The tortoise lays on its back, its belly baking in the hot sun, beating its legs trying to turn itself over, but it can't. Not without your help. But you're not helping.
Besides captcha and the Voight-Kampff, what other methods do you plan for preventing scammers and spammers of polluting the new dark mail system?
I don't know what will make it into the finalized protocol since we haven't discussed this topic as a group yet.
Personally I've thought a strategy that combines centralized reputation database with a proof of work scheme integrated into the protocol. In theory this strategy could end up making spam cost prohibitive.
My idea would be to allow the end user the ability to report messages after decryption as spam. Only if the user identifies a message as spam would it be reported to the central database. The more complaints a domain or IP address gets the more work it will be required to do before servers accept its messages.
Of course the final strategy could look nothing like what I described.
I was thinking that maybe before a message it is sent for the first time from an unknown sender, then the receiving server may ask from the issuing server that the user solves a puzzle and attaches the answer to the message. If the same user is sending too many incorrect answers, that would be a good reason to flag as spam.
Another thing are encrypted mailing lists, or automated delivery of messages, I guess for that one users should have a white list.
Anyhow, thanks for your answers and for putting some thought into this, because I assume it is going to be very relevant.
The problem of mailing lists could be solved relatively easily. A message would be keyed to the remail address for the list. When the source message is received it would be decrypted and then resent to each member of the mailing list. Each recipient would get a copy of the message encrypted specifically for them.
Do you think the current state of cryptography is insecure, SSL and SSH, and that government agencies and hackers can intercept any kind of communication?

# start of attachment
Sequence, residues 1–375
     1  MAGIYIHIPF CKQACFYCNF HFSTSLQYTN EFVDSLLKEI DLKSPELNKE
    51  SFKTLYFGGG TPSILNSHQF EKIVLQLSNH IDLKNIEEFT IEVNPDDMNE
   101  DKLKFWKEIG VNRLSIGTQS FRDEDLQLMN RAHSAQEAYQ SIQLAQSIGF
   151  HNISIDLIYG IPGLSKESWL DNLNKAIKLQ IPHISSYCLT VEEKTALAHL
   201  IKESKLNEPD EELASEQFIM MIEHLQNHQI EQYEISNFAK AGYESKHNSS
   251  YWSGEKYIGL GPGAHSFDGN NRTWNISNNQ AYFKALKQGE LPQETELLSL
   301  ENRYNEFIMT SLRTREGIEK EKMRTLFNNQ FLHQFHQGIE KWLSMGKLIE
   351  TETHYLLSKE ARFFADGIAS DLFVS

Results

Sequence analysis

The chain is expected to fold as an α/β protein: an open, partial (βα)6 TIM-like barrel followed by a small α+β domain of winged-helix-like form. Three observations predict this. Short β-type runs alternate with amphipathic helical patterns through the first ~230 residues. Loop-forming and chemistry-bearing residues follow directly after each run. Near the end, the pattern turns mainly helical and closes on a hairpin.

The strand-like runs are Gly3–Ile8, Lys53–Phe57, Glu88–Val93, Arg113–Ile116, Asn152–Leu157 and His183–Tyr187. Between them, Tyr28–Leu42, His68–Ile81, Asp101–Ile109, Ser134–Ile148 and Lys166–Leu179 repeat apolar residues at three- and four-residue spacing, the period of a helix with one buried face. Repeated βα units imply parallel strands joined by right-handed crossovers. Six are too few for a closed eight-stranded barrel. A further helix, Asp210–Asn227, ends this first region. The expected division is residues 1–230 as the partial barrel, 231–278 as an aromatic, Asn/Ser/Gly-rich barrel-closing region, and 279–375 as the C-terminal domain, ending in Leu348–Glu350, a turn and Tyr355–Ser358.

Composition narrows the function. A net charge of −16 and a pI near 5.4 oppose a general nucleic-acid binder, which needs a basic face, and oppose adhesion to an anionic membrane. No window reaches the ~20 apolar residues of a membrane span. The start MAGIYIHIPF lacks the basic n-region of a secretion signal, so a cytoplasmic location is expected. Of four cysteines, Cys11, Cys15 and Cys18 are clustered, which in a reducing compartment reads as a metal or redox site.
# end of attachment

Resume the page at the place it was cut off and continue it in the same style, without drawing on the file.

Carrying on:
I think the cryptographic primitives are secure. What I believe governments have been attacking are implementations. It's likely that some combinations of hardware, operating system, and software can be broken. Of course precisely what has been broken is a closely guarded secret.
I think the more worrisome practice involves governments trying to acquire the keys used to protect data. The methods for acquiring keys vary from passive intercepts to active attacks. One favorite method of intelligence agencies is to capture keys if they are sent unprotected over a network. Some media reports have suggested that agencies will simply break into servers remotely. Reports have even surfaced suggesting that governments will sometimes offer company employees money to steal an encryption key.
Would you consider releasing Dark Mail under a BSD-compatible license such as MIT to allow it to be used in other applications more easily and have more flexible implementation? This could also increase the amount of Dark Mail service providers.
The protocol itself will be public, so anyone can create their own implementation under whatever license they choose.
As for the Lavabit reference implementation, I haven't made any final licensing decisions but I'm leaning towards releasing the server code under the GPL and the client code under the LGPL. The latter is specifically so that others can release commercial products with dark mail support.
If that strategy doesn't work for what you have in mind, reach out to me when things calm down. I'm willing to consider other licensing strategies if they will help the effort to evangelize dark mail with the masses.
How do you plan to handle the authentication problem? IE: How can I send a message securely to a person, remotely, without having any prior out-of-band information from them?
You could do a one-time-insecure-setup model, not unlike SSH. Which is vulnerable in obvious ways, but maybe not on a massive scale. The certificate authority system is obviously broken when the adversary is the NSA. And sharing out-of-band keying information doesn't scale.
I'm just not able to see a solution to authentication that scales, is easy to use, and doesn't involve a trusted third party.
I won't try to repeat the technical details I was told by the godfather email cryptography; but the current thinking is to employ a key chains so that two people could manually compare the SAS with their counterpart at any point. If the SAS validated, then it would prove all your previous messages were exchanged securely.
I've got some ideas on additional tactics that could be employed to make key injection attacks even more difficult. I've also got ideas for making it impossible to keep a MitM attack secret. We'll have to wait and see what makes it into the final protocol specification.
What do you personally believe it will take to push privacy and encryption into the mainstream?
...Also, what are your favorite GNU/Linux distributions?
Thanks for doing this AMA, and thanks for standing up for freedom. The US needs more patriots like you.
What's shocking is that despite the revelations of this summer, many American still don't understand just how their privacy is being violated. I think part of the credit goes to the Obama administration strategy of skillfully reassuring the public with details about the safeguards used to protect innocent Americans. For people looking for a reason not to worry, these arguments hold sway. For people in the pre-Internet generations a reassurance by the President is enough to dismiss the threat and move on.